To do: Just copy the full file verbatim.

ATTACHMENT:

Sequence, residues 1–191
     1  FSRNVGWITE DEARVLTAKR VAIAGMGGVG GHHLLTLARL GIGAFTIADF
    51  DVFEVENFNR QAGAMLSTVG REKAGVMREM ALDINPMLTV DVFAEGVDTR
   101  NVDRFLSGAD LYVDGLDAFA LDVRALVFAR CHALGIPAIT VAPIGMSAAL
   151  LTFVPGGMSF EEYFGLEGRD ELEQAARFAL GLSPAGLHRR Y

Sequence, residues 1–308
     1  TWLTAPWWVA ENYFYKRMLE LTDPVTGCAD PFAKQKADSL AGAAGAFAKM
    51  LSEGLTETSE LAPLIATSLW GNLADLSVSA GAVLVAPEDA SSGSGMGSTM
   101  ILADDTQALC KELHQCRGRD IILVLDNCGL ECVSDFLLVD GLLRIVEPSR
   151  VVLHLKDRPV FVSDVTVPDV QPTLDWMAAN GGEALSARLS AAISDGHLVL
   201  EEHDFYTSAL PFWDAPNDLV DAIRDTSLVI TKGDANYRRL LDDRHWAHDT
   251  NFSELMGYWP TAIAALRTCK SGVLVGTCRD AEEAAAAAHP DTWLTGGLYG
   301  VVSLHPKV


Sequence, residues 1–191
     1  FSRNVGWITE DEARVLTAKR VAIAGMGGVG GHHLLTLARL GIGAFTIADF
    51  DVFEVENFNR QAGAMLSTVG REKAGVMREM ALDINPMLTV DVFAEGVDTR
   101  NVDRFLSGAD LYVDGLDAFA LDVRALVFAR CHALGIPAIT VAPIGMSAAL
   151  LTFVPGGMSF EEYFGLEGRD ELEQAARFAL GLSPAGLHRR Y

Sequence, residues 1–308
     1  TWLTAPWWVA ENYFYKRMLE LTDPVTGCAD PFAKQKADSL AGAAGAFAKM
    51  LSEGLTETSE LAPLIATSLW GNLADLSVSA GAVLVAPEDA SSGSGMGSTM
   101  ILADDTQALC KELHQCRGRD IILVLDNCGL ECVSDFLLVD GLLRIVEPSR
   151  VVLHLKDRPV FVSDVTVPDV QPTLDWMAAN GGEALSARLS AAISDGHLVL
   201  EEHDFYTSAL PFWDAPNDLV DAIRDTSLVI TKGDANYRRL LDDRHWAHDT
   251  NFSELMGYWP TAIAALRTCK SGVLVGTCRD AEEAAAAAHP DTWLTGGLYG
   301  VVSLHPKV